Recently I was thinking about the way we learn after being forcefully reminded about my own inclinations and limitations. There are four identified preferential learning styles: visual, auditory, kinesthetic, and tactile. It is believed that most people favor one or two of these learning styles when tackling a new subject or even performing day-to-day tasks.
Several weeks ago, Oregon experienced unusually heavy snowfall, which meant that I had to put chains on my vehicle to get in and out of the neighborhood. Usually a need to chain-up comes up only once a year and I was out of practice. As a result, I got the chains hopelessly tangled and was reminded once again that I am not a tactile giant. No amount of writing or lecturing could get it undone. The only saving grace to my ego was the fact that I spotted a young man in the exact same boat as myself. At least there are two of us in this world!
How do we learn?
The question I pondered was this: do we know our preferred learning style and do we work from that strength? How do we compensate for our weakest inclinations? A visual learner prefers demonstrations and graphic descriptions of a problem. An auditory learner understands best through verbal instructions and listening. A kinesthetic learner grasps the concepts through motion, particularly when he/she can participate. A tactile type learns by feel and manipulation. Most people can learn through all four methods but they prefer one or two. My style is mostly auditory and visual, whereas my son is the complete opposite of me and prefers anything tactile or kinesthetic. This has been reflected even in our chosen vocations.
We all have the opportunity to be teachers, even though it may not be our chosen or current occupation. We have formal and informal moments each day where we can teach those around us; it is important that we understand what their preferential learning style is and try to cater to that style. I believe that such an approach is the key to effective teaching, because if the students can learn using their preferential style it will increase understanding. I challenge you to take a moment and reflect on your own learning style and then observe and reflect on the learning style of those you teach. Mix up your teaching style to try and reach all types of learners.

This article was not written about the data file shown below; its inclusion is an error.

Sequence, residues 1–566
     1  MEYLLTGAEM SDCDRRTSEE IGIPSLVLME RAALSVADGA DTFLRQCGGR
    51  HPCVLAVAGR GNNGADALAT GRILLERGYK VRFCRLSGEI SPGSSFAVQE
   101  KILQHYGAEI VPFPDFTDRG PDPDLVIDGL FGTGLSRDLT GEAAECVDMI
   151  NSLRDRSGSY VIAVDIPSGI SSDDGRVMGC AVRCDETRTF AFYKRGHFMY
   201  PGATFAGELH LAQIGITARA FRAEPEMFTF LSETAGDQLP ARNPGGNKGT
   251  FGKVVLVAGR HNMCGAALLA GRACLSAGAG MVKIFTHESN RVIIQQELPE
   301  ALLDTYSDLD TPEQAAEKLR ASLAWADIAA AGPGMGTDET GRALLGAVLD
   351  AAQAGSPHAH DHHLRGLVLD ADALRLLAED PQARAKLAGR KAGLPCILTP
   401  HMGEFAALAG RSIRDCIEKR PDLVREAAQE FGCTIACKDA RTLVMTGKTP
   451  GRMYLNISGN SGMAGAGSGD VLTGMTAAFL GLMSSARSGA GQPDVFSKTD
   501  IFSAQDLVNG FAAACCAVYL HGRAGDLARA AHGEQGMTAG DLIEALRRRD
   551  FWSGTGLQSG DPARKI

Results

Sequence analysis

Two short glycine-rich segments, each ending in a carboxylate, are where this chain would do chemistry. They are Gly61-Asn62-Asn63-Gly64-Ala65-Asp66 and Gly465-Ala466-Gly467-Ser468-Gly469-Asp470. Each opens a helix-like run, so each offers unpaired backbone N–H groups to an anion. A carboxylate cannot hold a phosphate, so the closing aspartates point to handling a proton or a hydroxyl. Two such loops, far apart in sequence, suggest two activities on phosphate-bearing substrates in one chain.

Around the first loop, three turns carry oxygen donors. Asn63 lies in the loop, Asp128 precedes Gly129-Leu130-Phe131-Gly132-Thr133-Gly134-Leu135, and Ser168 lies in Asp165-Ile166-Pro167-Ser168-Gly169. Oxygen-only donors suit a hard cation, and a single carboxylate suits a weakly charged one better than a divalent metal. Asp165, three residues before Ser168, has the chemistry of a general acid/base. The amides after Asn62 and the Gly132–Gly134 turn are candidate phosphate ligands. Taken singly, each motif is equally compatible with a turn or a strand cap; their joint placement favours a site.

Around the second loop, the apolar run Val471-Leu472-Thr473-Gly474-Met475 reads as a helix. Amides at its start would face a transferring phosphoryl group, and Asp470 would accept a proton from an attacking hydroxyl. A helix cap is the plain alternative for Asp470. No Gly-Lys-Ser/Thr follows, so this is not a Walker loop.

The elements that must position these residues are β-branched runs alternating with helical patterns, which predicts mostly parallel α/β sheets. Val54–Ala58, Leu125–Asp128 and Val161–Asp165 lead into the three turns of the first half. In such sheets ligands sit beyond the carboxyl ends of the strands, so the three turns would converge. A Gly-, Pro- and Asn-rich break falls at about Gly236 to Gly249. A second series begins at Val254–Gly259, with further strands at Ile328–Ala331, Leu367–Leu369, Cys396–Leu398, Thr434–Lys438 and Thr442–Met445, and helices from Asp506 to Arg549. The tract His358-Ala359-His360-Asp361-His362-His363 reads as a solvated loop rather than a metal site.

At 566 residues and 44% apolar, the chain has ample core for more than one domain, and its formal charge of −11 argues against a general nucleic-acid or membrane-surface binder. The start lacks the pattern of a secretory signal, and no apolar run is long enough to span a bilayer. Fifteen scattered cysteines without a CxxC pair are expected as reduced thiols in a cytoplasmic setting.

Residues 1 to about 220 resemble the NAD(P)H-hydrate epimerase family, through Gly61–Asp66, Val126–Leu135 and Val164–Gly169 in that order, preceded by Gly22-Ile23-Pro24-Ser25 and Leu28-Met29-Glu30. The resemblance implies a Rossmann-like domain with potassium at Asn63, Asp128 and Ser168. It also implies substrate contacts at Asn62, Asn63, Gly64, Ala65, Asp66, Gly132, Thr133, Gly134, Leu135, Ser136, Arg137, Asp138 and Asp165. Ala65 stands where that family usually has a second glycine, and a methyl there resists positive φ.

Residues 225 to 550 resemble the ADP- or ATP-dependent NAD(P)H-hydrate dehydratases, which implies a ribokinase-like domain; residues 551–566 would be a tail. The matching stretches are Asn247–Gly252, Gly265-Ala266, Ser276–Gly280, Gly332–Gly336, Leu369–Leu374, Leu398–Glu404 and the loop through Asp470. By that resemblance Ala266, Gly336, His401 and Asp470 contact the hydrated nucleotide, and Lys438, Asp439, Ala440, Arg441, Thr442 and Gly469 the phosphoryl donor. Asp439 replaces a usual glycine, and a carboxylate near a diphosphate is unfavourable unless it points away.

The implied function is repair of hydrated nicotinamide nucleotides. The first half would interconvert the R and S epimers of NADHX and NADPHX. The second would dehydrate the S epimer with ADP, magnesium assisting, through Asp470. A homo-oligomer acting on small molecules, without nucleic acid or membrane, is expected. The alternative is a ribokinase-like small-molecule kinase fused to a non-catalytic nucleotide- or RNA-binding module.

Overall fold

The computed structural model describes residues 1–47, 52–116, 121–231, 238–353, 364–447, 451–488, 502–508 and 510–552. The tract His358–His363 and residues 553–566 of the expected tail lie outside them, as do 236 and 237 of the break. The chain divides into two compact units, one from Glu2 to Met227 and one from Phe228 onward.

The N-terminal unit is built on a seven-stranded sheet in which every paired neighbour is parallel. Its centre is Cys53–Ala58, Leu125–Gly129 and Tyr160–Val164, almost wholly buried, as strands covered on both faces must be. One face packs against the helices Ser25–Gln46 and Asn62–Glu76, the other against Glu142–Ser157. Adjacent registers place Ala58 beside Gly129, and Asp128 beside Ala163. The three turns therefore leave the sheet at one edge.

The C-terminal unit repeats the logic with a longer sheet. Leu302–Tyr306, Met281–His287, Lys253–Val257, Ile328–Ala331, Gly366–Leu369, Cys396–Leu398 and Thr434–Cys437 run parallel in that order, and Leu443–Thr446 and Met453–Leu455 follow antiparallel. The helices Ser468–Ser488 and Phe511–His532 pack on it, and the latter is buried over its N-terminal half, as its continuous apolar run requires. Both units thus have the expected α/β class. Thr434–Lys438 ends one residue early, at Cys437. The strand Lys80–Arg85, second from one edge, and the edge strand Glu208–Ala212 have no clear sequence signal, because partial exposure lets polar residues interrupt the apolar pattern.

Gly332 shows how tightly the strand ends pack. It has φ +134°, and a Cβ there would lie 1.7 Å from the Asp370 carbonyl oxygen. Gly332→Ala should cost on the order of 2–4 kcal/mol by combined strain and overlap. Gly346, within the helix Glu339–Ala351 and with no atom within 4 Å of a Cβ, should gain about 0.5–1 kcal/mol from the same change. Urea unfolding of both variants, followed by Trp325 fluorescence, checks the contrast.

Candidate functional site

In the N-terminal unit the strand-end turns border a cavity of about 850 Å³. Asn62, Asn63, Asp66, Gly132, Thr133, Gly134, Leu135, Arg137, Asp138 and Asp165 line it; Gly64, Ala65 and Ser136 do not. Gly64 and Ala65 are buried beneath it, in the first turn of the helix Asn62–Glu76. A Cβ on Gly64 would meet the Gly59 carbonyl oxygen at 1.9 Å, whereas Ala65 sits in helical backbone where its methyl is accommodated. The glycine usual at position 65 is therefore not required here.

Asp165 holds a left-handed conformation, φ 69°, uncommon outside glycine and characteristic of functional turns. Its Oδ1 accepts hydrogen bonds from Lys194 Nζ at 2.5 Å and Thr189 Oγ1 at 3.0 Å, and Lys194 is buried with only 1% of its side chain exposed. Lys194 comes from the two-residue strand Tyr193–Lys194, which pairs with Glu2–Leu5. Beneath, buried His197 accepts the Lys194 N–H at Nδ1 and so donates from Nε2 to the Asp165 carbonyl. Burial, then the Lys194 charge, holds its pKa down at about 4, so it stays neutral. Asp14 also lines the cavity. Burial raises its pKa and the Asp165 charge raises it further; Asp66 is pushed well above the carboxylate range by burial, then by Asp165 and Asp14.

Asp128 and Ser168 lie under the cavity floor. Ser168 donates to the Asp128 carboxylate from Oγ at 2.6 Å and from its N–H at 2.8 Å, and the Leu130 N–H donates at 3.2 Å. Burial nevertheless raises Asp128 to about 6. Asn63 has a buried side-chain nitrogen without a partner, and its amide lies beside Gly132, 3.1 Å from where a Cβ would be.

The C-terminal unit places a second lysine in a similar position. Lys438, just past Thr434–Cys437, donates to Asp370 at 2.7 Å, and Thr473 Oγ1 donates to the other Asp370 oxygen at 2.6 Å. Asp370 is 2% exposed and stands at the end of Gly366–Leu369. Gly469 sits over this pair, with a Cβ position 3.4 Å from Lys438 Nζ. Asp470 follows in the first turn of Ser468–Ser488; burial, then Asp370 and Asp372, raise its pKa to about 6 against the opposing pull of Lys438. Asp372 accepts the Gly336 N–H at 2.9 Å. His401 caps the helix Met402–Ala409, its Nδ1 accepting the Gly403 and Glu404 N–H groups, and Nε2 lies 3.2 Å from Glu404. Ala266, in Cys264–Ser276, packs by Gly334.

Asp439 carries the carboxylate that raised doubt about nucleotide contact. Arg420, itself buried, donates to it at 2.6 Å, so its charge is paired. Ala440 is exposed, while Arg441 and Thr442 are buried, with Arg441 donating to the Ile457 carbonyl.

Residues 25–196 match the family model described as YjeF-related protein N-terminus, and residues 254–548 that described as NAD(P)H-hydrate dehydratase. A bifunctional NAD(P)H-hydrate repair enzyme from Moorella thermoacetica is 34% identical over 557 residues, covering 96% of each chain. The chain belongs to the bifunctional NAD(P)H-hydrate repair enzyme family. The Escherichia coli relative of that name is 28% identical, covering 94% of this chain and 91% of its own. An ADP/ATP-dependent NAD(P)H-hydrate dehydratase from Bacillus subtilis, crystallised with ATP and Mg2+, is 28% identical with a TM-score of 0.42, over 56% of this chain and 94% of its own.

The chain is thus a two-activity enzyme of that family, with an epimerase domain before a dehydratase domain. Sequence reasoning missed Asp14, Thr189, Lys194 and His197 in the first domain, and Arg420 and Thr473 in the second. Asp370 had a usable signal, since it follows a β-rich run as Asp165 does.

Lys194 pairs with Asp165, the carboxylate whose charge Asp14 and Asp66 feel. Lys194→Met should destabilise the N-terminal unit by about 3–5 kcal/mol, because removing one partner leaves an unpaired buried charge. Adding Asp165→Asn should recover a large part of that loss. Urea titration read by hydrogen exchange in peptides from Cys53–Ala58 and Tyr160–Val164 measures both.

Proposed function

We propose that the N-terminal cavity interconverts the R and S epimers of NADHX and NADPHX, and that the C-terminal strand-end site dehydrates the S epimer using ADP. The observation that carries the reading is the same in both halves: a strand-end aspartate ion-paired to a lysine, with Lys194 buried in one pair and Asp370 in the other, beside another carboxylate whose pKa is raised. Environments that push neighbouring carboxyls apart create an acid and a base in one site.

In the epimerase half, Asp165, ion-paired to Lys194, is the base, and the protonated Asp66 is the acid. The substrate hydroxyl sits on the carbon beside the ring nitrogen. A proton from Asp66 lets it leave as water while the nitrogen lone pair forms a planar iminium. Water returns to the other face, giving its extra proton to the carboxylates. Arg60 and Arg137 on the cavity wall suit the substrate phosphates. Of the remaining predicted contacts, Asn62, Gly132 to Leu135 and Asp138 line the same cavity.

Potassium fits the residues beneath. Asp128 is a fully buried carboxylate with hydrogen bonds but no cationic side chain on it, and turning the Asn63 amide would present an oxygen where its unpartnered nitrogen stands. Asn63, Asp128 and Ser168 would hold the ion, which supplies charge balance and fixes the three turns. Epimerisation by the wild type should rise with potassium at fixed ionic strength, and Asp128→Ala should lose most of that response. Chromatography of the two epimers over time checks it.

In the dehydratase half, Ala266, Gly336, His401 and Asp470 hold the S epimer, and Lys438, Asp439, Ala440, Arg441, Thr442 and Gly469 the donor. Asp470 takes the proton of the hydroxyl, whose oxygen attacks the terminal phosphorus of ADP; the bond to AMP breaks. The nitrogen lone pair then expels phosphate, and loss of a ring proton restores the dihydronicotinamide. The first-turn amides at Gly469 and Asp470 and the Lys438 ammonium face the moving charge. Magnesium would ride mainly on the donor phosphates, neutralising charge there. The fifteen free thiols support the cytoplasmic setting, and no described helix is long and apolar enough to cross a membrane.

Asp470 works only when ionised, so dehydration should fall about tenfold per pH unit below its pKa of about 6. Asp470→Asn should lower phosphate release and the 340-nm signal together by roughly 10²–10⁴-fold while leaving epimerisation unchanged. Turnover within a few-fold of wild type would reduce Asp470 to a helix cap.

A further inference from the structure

My question is this: can understanding your own preferred learning style help you be more successful in your career and life? Can you find alternative ways to learn a concept so that you learn it faster and more thoroughly?
What is your learning style and how does it present itself in your daily activities? Do you apply your personal preferred learning style to your teaching or do you explore different methods for reaching all learners in your group? Let me know your thoughts.
Kelly Brown is an IT professional, adjunct faculty for the University of Oregon, and academic director of the UO Applied Information Management Master’s Degree Program. He writes about IT and business topics that keep him up at night.